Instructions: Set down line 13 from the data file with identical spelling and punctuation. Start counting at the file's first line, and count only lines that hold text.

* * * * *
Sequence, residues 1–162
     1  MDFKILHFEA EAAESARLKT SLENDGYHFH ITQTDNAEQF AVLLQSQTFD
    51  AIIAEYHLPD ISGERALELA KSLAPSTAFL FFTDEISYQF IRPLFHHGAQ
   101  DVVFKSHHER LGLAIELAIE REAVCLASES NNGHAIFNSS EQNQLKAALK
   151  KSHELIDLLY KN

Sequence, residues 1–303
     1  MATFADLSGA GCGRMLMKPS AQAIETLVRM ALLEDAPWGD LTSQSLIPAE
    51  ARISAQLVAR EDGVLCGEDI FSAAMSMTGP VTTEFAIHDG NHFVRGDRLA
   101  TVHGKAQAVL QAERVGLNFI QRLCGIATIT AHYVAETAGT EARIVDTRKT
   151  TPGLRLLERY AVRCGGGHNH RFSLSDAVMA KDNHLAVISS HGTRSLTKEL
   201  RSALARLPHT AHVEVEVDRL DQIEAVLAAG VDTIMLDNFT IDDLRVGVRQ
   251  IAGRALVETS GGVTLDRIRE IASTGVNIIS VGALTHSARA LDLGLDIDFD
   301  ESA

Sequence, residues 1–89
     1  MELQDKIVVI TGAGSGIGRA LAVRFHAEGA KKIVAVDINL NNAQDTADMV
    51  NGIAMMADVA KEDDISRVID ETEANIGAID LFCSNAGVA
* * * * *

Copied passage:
   301  ESA